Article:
Newspaper Page Text
" From General L-ee's Army.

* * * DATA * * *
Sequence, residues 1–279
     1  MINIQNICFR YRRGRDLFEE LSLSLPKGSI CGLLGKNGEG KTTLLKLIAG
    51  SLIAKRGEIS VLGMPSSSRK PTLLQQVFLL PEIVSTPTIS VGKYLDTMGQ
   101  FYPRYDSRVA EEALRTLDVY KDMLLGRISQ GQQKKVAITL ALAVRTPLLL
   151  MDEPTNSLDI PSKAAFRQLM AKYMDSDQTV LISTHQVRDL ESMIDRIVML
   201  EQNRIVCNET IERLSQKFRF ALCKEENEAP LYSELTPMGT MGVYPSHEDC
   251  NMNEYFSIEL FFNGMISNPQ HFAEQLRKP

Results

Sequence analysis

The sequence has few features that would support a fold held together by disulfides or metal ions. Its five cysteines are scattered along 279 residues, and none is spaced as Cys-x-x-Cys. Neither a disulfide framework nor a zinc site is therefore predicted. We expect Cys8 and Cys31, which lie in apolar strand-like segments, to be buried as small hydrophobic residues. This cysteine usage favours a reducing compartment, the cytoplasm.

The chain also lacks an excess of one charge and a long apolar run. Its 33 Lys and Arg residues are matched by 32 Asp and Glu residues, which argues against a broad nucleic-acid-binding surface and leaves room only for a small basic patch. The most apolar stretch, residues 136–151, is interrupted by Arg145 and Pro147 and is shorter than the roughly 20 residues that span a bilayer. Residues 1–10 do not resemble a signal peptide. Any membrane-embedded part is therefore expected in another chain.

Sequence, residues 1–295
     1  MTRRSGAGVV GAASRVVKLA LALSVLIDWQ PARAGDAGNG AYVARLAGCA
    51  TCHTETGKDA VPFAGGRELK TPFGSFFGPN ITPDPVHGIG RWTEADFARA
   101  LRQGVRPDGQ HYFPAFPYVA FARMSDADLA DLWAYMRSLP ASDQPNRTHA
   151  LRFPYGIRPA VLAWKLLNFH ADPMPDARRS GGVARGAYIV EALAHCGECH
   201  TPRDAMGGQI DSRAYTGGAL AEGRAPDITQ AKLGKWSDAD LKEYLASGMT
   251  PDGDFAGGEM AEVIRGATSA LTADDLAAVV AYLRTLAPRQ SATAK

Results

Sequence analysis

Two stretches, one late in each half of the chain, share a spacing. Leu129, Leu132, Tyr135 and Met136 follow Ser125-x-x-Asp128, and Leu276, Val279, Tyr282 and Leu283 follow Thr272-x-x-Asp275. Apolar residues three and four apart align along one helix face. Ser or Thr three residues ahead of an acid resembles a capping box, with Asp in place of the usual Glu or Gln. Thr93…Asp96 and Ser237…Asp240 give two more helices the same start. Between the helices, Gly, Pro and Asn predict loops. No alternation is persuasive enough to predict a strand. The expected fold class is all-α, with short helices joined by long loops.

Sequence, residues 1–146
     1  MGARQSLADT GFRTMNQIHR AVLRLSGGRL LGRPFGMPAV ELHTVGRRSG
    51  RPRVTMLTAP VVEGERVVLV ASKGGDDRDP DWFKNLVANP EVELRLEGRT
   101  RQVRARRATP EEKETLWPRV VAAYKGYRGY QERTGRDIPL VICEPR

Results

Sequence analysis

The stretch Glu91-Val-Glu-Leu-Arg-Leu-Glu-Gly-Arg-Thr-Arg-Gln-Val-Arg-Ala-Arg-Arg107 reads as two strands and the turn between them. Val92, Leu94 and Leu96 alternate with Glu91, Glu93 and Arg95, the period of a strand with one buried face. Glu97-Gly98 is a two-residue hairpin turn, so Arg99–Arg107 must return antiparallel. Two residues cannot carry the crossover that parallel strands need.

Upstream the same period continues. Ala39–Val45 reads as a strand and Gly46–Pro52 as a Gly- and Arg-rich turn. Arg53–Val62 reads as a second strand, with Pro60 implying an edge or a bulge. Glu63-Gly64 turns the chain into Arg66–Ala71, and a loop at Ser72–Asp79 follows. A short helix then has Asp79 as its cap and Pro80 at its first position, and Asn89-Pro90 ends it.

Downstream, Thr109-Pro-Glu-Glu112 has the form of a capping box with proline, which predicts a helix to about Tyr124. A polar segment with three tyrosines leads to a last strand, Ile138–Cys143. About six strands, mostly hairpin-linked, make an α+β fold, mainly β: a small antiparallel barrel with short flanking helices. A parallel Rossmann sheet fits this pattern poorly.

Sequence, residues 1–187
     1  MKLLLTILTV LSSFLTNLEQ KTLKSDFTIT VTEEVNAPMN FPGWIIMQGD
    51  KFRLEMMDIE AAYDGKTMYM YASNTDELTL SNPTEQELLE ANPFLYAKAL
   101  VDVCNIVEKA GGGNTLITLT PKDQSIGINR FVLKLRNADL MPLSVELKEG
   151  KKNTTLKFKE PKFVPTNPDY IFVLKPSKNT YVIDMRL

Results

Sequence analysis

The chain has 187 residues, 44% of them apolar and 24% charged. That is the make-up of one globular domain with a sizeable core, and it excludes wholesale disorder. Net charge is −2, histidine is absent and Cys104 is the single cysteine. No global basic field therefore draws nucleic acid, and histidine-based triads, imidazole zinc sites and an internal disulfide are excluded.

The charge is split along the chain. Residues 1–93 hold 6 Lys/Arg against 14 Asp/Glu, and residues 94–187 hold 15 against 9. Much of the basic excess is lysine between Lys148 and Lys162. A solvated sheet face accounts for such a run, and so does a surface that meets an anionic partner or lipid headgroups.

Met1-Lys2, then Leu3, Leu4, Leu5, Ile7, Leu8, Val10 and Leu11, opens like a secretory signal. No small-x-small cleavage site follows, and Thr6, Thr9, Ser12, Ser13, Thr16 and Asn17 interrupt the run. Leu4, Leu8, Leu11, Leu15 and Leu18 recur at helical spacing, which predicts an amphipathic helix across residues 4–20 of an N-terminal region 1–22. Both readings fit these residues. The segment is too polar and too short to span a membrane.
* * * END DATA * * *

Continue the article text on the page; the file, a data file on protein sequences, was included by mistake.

The rumors from General Lee's army, Sa turday night, were interesting and exciting,— Heavy skirmishing is daily occurring in Fau quier and Loudoun, and it is reported that the enemy is in great force in those coun ties. There is a rumor, which receives no credit, that the division of General Longstreet was attacked on Thursday, near the Rappahan nock river, in Fauquier, and rather roughly handled, barely maintaining its position at nightfall on that day, and suffering some loss. As we have stated above, no credit is attach . Ed to this rumor, and we mention it Only as being in circulation. Relative to the fight on Monday last, in Clarke county, we have the highest authority for saying it was a perfect massacre of the enemy. The exact locality of the fight was at Castlemau's Ferry, on the Shenandoah river. It seems that the enemy, whose main force is believed to have crossed the Potomac into Loudoun county, attempted to throw a large "body of troops across the Shenandoah at the point designated, with the supposed intention of moving upon Winchester. Castleman's Ferry is on the direct mad from Leesburg to Winchester, and about 17 miles from the lat ter point, and about three miles distant from Snickersville, Loudoun county, which is just at the foot of the Blue Ridge. A brigade of Gen. A. P. Hill's division guarded the Ferry on the west side (if the river, and the Federal forces approached from the eastern or Loudoun side. When the enemy came within range our pieces were opened on them, and a brisk artillery duel of three-fourths of an hour en sued, which resulted in the complete repulse of the Yankees with heavy loss. After their retreat, they sent in a flag of truce to bury their dead, and remove their wounded, per mission, to do which was granted them. There were reports in the city Saturday of a fight at Front Royal, but clo«e enquiry of passengers who came through from Winches ter, having left that place on Thursday, failed to elicit an}' confirmation of the rumor. And we may add that they express a disbelief' of its truth from their knowledge of the position of our forces. They think it probable that the fight in Clarke gave rise to the report of that at Front Royal, the persons reporting .the latter being mistaken in the locality. On the Upper Potomac all was epiict, the only Yankee force known to be on the south side of the river is the garrison at Harper's Ferry. Our cavalry continue to picket at Charlestown and the neighborhood of Shep herdstown.—Lynchburg Republican, Soy. 10. ♦ ♦ ♦ [Dispatch to the Chicago Times.] From \ T ashville. Louisville. Kv., Oct 27.—We received to day Nashville papers of tho 23d. The city was completely cue off" from the surrounding country by bands of rebel guerrillas, and marketing is beyond the reach of people in ordinary circumstances. Meat can be obtain ed, but vegetables, batter, cheese and eggs sell at such high rates that few can buy them. A foraging expedition sent- out on the 21st, visited the plantation of General G. S Dotiel son, in Sumner county, who is in the rebel service, and an adjoining farm, getting as much subsistence as they could bring away— indeed, bringing everything belonging to General Donelson except the overseer and negroes, amounting to over 300 cattle, 300 sheep, 300 bogs, and turkeys, chickens. &c, in abundance, besides six hundred wagon loads of cram, oats, &c, which they took into Nashville perfectly safe. The people of Nashville are in a state of •starvation; Tea is worth $5 a pound, and little is to be had at that; beef 30 cents a pound; common brown sugar SI a pound; flour $9 a barrel. Everything in tho grocery me sells in like.proportion. # On Thursday an expedition was sent out on the Murfreesboro pike, with the purpose of having a brush with the rebels reported in the vicinity. Instead of finding anything, they were greeted heartily with loud cheers from 200 loyal East Tennesseeans, who had been Secreted in the mountains, and wire making their way to join Ncgley's force. They en tered Nashville with the expedition, and were received with loud cheers of welcome. A spy was caught by the Federal pickets while attempting to pass through oiir lines.— •He waS brought to headquarters. On his person was found a roll of parchment con taining the names of 205 citizens who were armed" and ready at any moment the Con federates might make an attack upon the city, to rise and assist in driving the Federal forces from the city. Gen. Negley at once (seized all the arms in Xashville and sent the spy to the Penitentiary, Gen. Negley, in commond of the post of Nashville, Issued an order on the 21st, that all citizens shall deliver up immediately all arms and ammunition to headquarters. A refusal will be deemed evidence of disloyalty, and those refusing will be severely punished. Southern currency is exchanged in Nash ville for treasury notes at the following rates of discount: Union, State and Planters, 17 per cent.; Bank of Chattanooga, Southern Bank and Bank of Memphis, 40; Bank of Nashville, 35; Northern Bank and Bank of Middle Tennessee, 30. ♦ ♦ ♦ — Blockaders at Work. The Wilmington Journal, of Tuesday, fla y s: . , ,r We learn by a gentleman just from Mason borough Sound, that early this morning the blockaders commenced firing on a large Eng lish brig, supposed to be engaged in running the blockade." The brig was; run ashore off Masonboro'. At about 8 o'clock, block aders commenced firing on the State Salt Works. As we go to press the firing is plain ly heard in town We do not know the dam a-ethe brig has sustained. She bad no oeen taken possession of when our .nformant left. We will endeavor to get the lacts oy to morrow. Whoever will try alum and honey, a small portion of each, will never Buffer from boarso ners. Frnm the Mobile Tribune. €apt. W. Y. C. Si names. Our readers no doubt well remember the painful anxiety with which our people watch ed the memorable defence of Island No. 10, and the enthusiasm with which the whole country was thrilled by the obstinacy and gal lantry "with which our batteries there held out. Captain Humes commanded those batteries, and with the coolness, skill and heroism of that brilliant resistance his name must live in history. When No, 10 finally fell he was captured standing at his guns, and for six months has been immured in a Northern pri son. Under the cartel, however, he was re cently released, and through the instrumen tality of Gen. Slaughter, whose quick eye is ever swift in the grateful office of singling out for the right place the right man, Captain Humes has been called to the responsible po sition of Inspector of our batteries. Capt. H. graduated at the head of hia class in a mili tary school in which old Stonewall was at that time a professor. He then studied law. and rose to a high position at the bar. Imme diately upon the commencement of this revo lution he entered our army, and gradually, from that day to this, has so won upon the officers with whom he has been associated and the soldiers he has commanded, that it has long been an universal wish and a common expectation among them, as well as among I the people of Tennessee, that the people i would tender him a brigade. We mention these facts not so much to compliment this gallant young soldier, (who, however, we trust, will not be long allowed to feel that he is a stranger among us,) but to reassure the citizens that Mobile is, as far as he is concern ed, in the hands not only of brilliant courage but masterly ability, even in the very details of our preparations for the fray. Capt. Humes is a native of Abingdon, and son of J. N. Humes, Esq. » ♦ » Latest War IVews from the XortSa. New York dates of the sth instant, state that the Federal army is making rapid ad vances into the different Gaps of the Blue Ridge, heretofore held by the Confederates, and are now in possession of all the Gaps as far as Ashby's, their forces being in front of that position. On the 4th inst., Gen. Stahl, with a portion of Siegel's command, accord ing to the Northern accounts, drove the Con federates out of Throughfare Gap, and Gene ral Carl Schurz immediately occupied it.— General Bayard's force meantime holds Aldie and all the country between that point and Seigel's front. Buckland Mills is also stfited to be in possession of the Federals. The Herald states that the "rebels" are pretty closely outflanked, hemmed in, aud cut off from Richmond. It says that General Mc- Clelhm is fifty miles nearer the rebel capital than Gen. Lee's army, and a vigorous move ment —protected, of course, by a cautious at tention to his rear—may at any moment put him in possession of that place.— Lynchburg Republican. » ♦ « — Northern Elections. Richmond, Nov. 9.—The Baltimore Clipper, of the 7th, received at Winchester today an nounces the election of Seymour as Governor. In New York, nineteen Democrats and twelve Republicans elected to Congress. In New Jersey, Parker, Democrat, elected Governor : to Congress, four Democrats and one Repub lican. Illinois six Democrats and five Repub licans. lowa doubtful. There were one hundred and four Yankees captured near Winchester to-day. » ■» m Tiie Tories In Texas. The Houston News publishes the following from the northern part of the State ; Gainesville, Texas, Oct. 13. Editors Neics —l reached this place yester-' day amid the wildest state of excitement. A secret organization of the Lincolnites was de tected within the last few days, the object of which was to murder all the Secessionists, take the movable plunder with them to Mis souri, and burn up the balance that might be left. The militia of this and adjoining coun ties have collected to the number of four or five hundred. They have caught twenty-nine of the outlaws, and hung two of them yester day. Dr. Childs and brother will axamine the balance to-day, and if found guilty, they j will meet the same fate. It is said they had j secret signs and pass words. Those arrested are mostly from Cooke and Grayson counties, though they are said to exist all along the frontier counties. Yours respectfully, H. C. Stone. ♦ ♦ ♦ Message of tne Governor of Ga. MilledgevillE, Nov. 7.—Gov. Brown's an nual message was read to the Legislature yes terday. He refers principally to topics of State interest. In a special message the Go vernor takes ground against the conscript law, and submits the subject to the Legislature for action. Action is also recommended on the subject of Martial law, the habeas corpus and the impressment of private property. A Patriot.—An old man in' Lowndes coun ty, sending us the obituaries of his two boys lost in the war, writes the following noble sentiment: "I gave them up freely to my country; but I did expect to see them again. I have two more for the war, and when the old men are called upon I am ready to shoulder my mus ket and follow my boys who have fought so nobly." ♦ ♦ ♦ , Mobile, Nov. B.—A special dispatch to the Advertiser and Register, dated Holly Springs, Nov. 7th, says the excitement consequent up on the reported advance of the Abolitionists has subsided. The Abolitionists did not come this side of Lamar. .♦• % * Chattanooga, Nov. 10th.—It is now re ported that Buell has been reinforced bveigh- i teen thousand Federal troops under McCook or Thomas. - Everything remains quiet within our lines. It is not known here whether Nashville will he attacked or not. j Important from Washington. Important Dispatches Submitted by the French Legation A FOREIGN WAR BELIEVED INEVITA BLE. [Special Dispatch to the Daily Republican.] Winchester, Nov. llth«— The Baltimore Clipper of the 7th has been received here. A Washington dispatch of the 6th says dis patches of the greatest importance, which may affect a change in the whole aspect of the war, were to-day submitted by the French Legation to the Secretary of State. Gen. Halleck says a foreign war is inevita ble. » « From tbe West. Demonstrations on Nashville. Knokville, Nov. 9. On the sth instant a demonstration was made on Nashville by Forrest on the South and Morgan on the.North. , Morgan was quite successful in destroying many cars, locomotives and bridges. Our forces killed some 75 or 100 Abolition ists. Our loss was very slight. - Three Abolition brigades have reinforced Negley at Nashville. The place is strong. Morgan burnt railroad bridges and water tanks. He is at Galletin, Term. Gen. McCoun goes to Arkansas to join Pemberton. » ♦ 4 •- Number of Interments of Soldiers at Ckarlotit mile. . We learn that since the establishment of the hospitals at Charlottsville, Va., the num ber of soldiers who have been interred at that place, up to the Ist day of the present month, was six hundred and thirty-eight.— Lynchburg Republican. » • ♦ »—fe Fredericksburg, Nov. 9. A party of 75 Yankees made a raid into this place to-day. They said that the Democrats had swept the North, and that England and France had recognized us, and that Lord Jhyons was so in structed. No news of importance fram the army of the Potomac, except that there is skirmishing daily. ♦ » »—_L Raleigh, Nov. 10th.—Passengers by the Goldsboro' train report on apparently good authority that the Yankees came up to Lynn ville Sunday morning in three gunboats and teok posession of the town. They said ten boats would be upTiext day. -\ A dispatch to Gen. Vance from Gen. Mar tin, says the enemy have fallen hack to Ply mouth. »■♦ ♦ — Latest from our Army. By passengers who arrived jm the Orange & Alexandria train last night, we learned that heavy skirmishing was going on along our lines and outposts, but nothing more. Alt a gree that our army is a magnificent one—the finest we have ever marshalled and iv the best of spirits.— Lynchburg Virginian, 12. _«. 2 Fight In JVorth Carolina. An engagement occurred nearWilliamston, Martin county, N. C, on the afternoon of the 2d, between four companies of tbe 26th North Carolina regiment and a large force of Yan kees, who had marched from the town of Washington to a point on the Roanoke river below WilUamston, with a view of cutting off the 17th and 57ch North Carolina regiments, stationed in that neighborhood. The four companies engaged, were under command of Col. Burgwyn,.and held in cheek a largely superior force of the enemy during the day, and until the 17th and 57th regiments came up, when battle was offered, but declined by the enemy. Our loss is reported at two killed and thirty-one wounded, most of them only slightly. The enemy's loss is kriown to have I been much greater, one entire cavalry com j pany being cut up and destroyed.' This was the celebrated "White Horse" company, which has been a perfect terror to the people of Washington and sorrouuding country.— Richmond Dispatch. ♦ ■♦ ♦ Skirmish North of Gordonsville. Enemy Driven Back, dec, (ftp., dc. Richmond, Nov. 11. In the skirmish yesterday beyond Culpeper Court House, the enemy were driven back two miles, having encountered an unexpected obstruction in their advance on Gordonsville. Our loss trifling. It is asserted on good authority that there is no enemy South of the Rappahannock. I +++ _ . Death of General Villiplgne. Knoxville, Nov. ll.—Lieut. General Kir by Smith bas resumed his command in East Tennessee. General Bragg is in Chattanooga. An examining court, of which Lieut. Gen. Hardee is President, convened at Altamont on the loth inst., to examine general officers. General Villipigne died at Port Hudson on the 9th inst. Major Wash. Morgan, of General Morgan's command, died at Lexington the 7th ult., of a wound received there. ■♦'» » ; :— A Good Day's Work. The Legislature of Ala., on Saturday, pass ed a bill, appropriating two millions of dol j lars for the relief of the indigent families of I soldiers from that State. This measure will j relieve the hearts of the brave Alabama sol- ' diers, who are now enduring the hardships of camp life, and gives them the assurance that their farailica shall be cared for in their j ! absence. RiCHMONii, Nov. 10.—No definite accounts ( from above.; Heavy cannonading was heard this morning, beyond Gordonsville, and pas sengers report skirmishing at Flint Hill, Rap pahannock county. Five prisoners captured from the enemy yesterday at Fredericksburg arrived here to day. j Funeral Notices. No pre renting Providence, I expect to preach the funeral of the late James C Smith at Eliza beth Chapel, two miles east of Saltville, on Sun day next, the ISth inst.; and, on Sstnday, the 23d ins£., the funeral of the late George W. Phipps, at Duncan's Chapel in Smyth county, on the McAdam road above 7 Mile Ford. Nov. 14. GEO. R. BARR. <»«»■» For the Virginian. Appointments for Abingdon Circuit. Messrs. Editors :—I am sorry that circum stances, which are beyound my control, ren der it impossible for me to reach my first round of appointments. The appointments which I hope to be able to attend, are as fol lows : Baker's Chapel, Dec. 14th, at 10* o'clock. Carvosso, " " " 3£ . Laurel Spring, " 16th, "11 Worley's Chapel, " 17th, " " Maiden's S. 11., " 18th, " " Yellow Spring, " 19th, » Mahanaim, " 20th, M » E. &H. College, " 21st, " " Antioch, " " " 4 Cedarville, " 27th, "11 Washington Chap. " 28th, " 10J " McCulloch's Chap." " " 4 Kelly's Chap., M 30th, "11 Liberty Hall, " 31st, " " Widner's, Jan. Ist, « " " Wright's Chap., V 2d, " " Cedar Bluff, " 3d, " '« , Zion, " 4th, " " Jone's, " 10th," " R. N. PRICE. • ♦ • figlfThe following appointments for the first round of Quarterly Meetings in the Abingdon District: Abingdon Station, Nov. 8& 9 Bristol Circuit, at Paperville, " 15 &16 Bristol Staiion, «« 22 &23 Abingdon Circuit, at McCulloch's, Dec. 6& 7 Blountville " '« Eakin's Chaple, 13 &14 Lebanon " " Sulphur Springs, 27 &28 1868 Jeffersonville " - " Liberty-Hill, Jan. 3& 4 Saltville " " Union, " 10 &11 The District Stewards will please meet at Abingdon, Nov. Bth. Speedwell Oct. 25th 1862. J M. McTEEE. "marriage^ On the 6th inst., oy the Rev. James McChain, Mr. Benjamin F. Buown, cf Buckingham, and Miss FnAxens J. Crow, of this eoutrty. OBITUARIES. . Died, at Clifton, Russell Co., Va., on Monday evening, the 13th ult., Mrs. Mary McCano less Smith, relict of tho late Col. Harry Smith, in the Sod year of her age. Practical virtue is the basis, as well as the standard of moral character, and makes its ap. propriate impression upon all who are brought within the range of its influence. Hence those, who are the witnesses of our conduce through life, make up and render the verdict upon our characters. Tried by this standard, the subject I of this obituary is surpassed by few, if any, in | the high estimation in which her many virtues were held by a large circle of friends and ac quaintances. During a long life, spent in the same neighborhood, such was her conduct in tho domestic and social circle, and in all the relations of life peculiar to woman's sphere of action, that alt were friends and none were enemies. Mrs. Smith, in early life, made a profession of religion, and to the period of her death, main-, tamed in her christian character, the high dig nity of that profession. Living daily, as she "did, with reference to eternity, when a linger ing, wasting disease brought her gradually to the portals of the grave, she was enabled, with full hope of a glorious immortality, calmly to / resign her spirit into the hands of Him who gave it Her friends will long remember the I many exce lencies of her character, and indulge j the pleasing assurance, that their loss is her "eternal gain." A FRIEND. Oct. 25th, 1862. Died, at General Hospital, No 2, Lynchburg, on the 14th of Oct, Thomas G. Staxfield, of Co. 8., 48th Regt. Va., Vols. The deceased was a resident of this county, and a good and gallant young man. Valuable Property for Sale. THE nndersigned will sell, on the first day of December, at his Farm near the Alum Well in this county, all his Farming Utensils, com prising the usual variety, together with a Corn- Sheller, Grindstone, Crosscut Saw, Cutting- Knife &c, &c. Also, Horses, Mule Cqjts, Milch Cows, Year- j lings, Sheep and Hogs. Also a quantity of Hay, Fodder. &c. The farm, containing 276 acres, in a tolera ble state of cultivation, will be sold or rented at the same time. Terms—For all snms under ten dollars cash —that amount and over, a credit of six months will be given, tho purchaser giving bond with security bearing interest from date. Nov. 14th,. 1862—3w T. L. WADE. ggf Lynchburg Republican will please insert three times, and send account to this office for collection. . STRAY CATTM3. FIVE stray cattle got in with my drove some where in Russell county on Thursday last. The owner can get them by applying to me 4 miles South of Abingdon. Nov. 14, 1862—3w JOHN C. GRAY. LAND FOR SAM?. IWILL sell to the highest bidder, on six months time, on tbe first day of the Novem "ber Court, 1862, iri'front of the C. H.. the one sixth interest in the Carpenter Land, lying about 4 miles east of Abingdon, supposed to be 30 | acres. JAS. L. F. CAMPBELL, j Nov. 7fb, 1852—3w Aucticncr. j XOTIC'-E» I SEE that I hr.ye been advertised by Capt. Frank Fhidlay as.a <lesercer from his com pany. I am not a deserter, and desire to set myself right. In the fit st place. I never was mustered into his Company, and in the second place he had no Company to be mustered into. I was in camp with his little squad some days, and returned home with a severe attack of dip theria. While at home, I was legally advised ' that Capt. Findlay had no right to me" as I was over 18, and couM not belong to the State Line. I started to Jackscn's command, but a relapse of the disease compelled me to return home where I expect to remain until my health is re stored, and then join the army in Northern Vir ginia. * FELIX MILLER. Nov. 14, 1862— Iw VIRGINIA:— At Rules held in tbe Clerk's office of the County Court of Wise county, on Monday, the 3d day el November, 1862 : Henry Skeen, Plaintiff, vs. W. R. and John W. Powers, Defendants. In Case on Attachment. The object of this suit is to recover of the de fendants the sum of which will l»e due as follows : —S26filtt6§'will be due on the Ist day of April. 1868, and 5266.66§ on the Ist day of April, 1804—and to subject to sale for the payment thereof, a certain tract of- land in the county of Wise, belonging to the defendants, which has been attached for the purpose: And it appearing by legal evidence that the s;iid de fendants are not residsnts of tliisState. they are therefore required to appear here within one month after due publication of this order, and do what is necessary to protect their interest in this suit. A copy.—Teste, H. H. DOTSON, d. c. Nov. 14, 1862—4w T7TRGOIA:--At RulesheLf in the Clerk's T offke of the County Court of Wise county, on Monday, the 3d day of November, 1862: John Holbrook, Plaintiff, vs. Ira Gilliam, . Defendant, In Case on Attachment. The object.of this suit is to recover of tho de fendant the sum of §105.00, due by note, with interest thereon from the Ist day of June, 1861, and subject to the payment thereof, any funds in the hands of A. W. Smith, belonging to de fendant, and subject to sale for the payment thereof, a certain tract of hind in Wise county, belonging to the defendant, which has been at tached for the purpose: And it appearing by legal evidence that the said defendant is not a resident of this State, he is therefore required to appear here within one mouth after due pub lication of this.order, ami do what is necessary to protect his interest in this suit. A copy.—Teste, H. B. DOTSON, n. c. Nov. 14, 18C2—4w Rules held in the Clerk's T office of the County Court of Wise county, on Monday, the 3d day of November, 1862: David Vance, Plaintiff, vs. John Gilliam, Defendant. In Case on Attachment*, The object of this suit is to recover of tbe de fendant the sum of $200.00, due by note, with I legal interest thereon from the 28 I day of Octo ber, 1861, and subject to the.payment thereof, any funds of the defendant's that may be in the hands of Ellis Dean and W. L. Beverly, who have been garnis-heed for the purpose: And it appearing by legal evidence that tuesaid defend ant is not a resident of this State, he is therefore required to appear here within on: month after due publication of this order, and dol what is ne- I cessary to protect his interest in t!.is>uit. A Copy. —Teste, H. H. DOT3ON, n. c. Nov. 14. 1862—4w Taken up at Richmond. Ky. A slave Boy John, who says he belongs to Jackson Reed, near Lexington. Ky. Said Roy !is now in custody at Lebanon, Va. May be had by the ownec paying the reward & charges, JOSEPH McINTIRE. Nov. 7th, 1862—3w FLAXSEED wanted, for which we will pay the'highest cash prices. j Nov. 7th, 1862.—2 m WM- «?. HURT. A Deserter. FELIX G. MILLER, of Washington county, about 18 years old, six feet high, spare made, with dark hair and eyes, is a deserter from my company. The legal reward of $30 will be given for his apprehension and confinement in jail. F. S FINDLAY, Capt. Cay. Va. State Line. * Oct. 31, 1882—3t 100.000 Fruit Trees lor Sale. <£» PERSONS wishing to make, a safe invest - f£gsc* ment, would do well to secure a good selection x>f Fruit (at old prices) now, while money is plenty. I will furnish Apple Trees of the mo>t approved varieties at from 15 to $20 per hundred, delivered it the Depot in Abingdon, packed carefully for transporta tion. ! Catalogues will be furnished by mail when applied for. SAM'b W. CAUNAHAN. Oct. 31,1862. N. B.—Now is the season for plnntinft Stolen. g\S Thursday night last, a dark Bay Mare, 6 \J years old, 15$ hands high, with a scar on her left eye, and one white hind foot, was taken from the Stable of Col. H. A. Greever, at ibe Smyth county line. The thief was traced to wards Abingdon. A liberal reward wnl fa given for the delivery of the mare and the ap prehension of the thief, or either. WM. S. GREEVER. Oct. 24, 1862—3t , Disolution. THE partnership heretofore exis' r ng between th(| undersigned, was dissolve.! by mutual consent on the Ist day ufOctabcr Itjj-- SAM'L HURT, J. L. FIELDS, F. B. &S. Hurt will attend to the settlement of the business. Oct. 17. 1862.—3t rf\ GALS, Spirits Turpentine, and 1.500 OU pounds Spanish Whiting. j Oct. 10, '62. T. O. McCONNrLL & Co.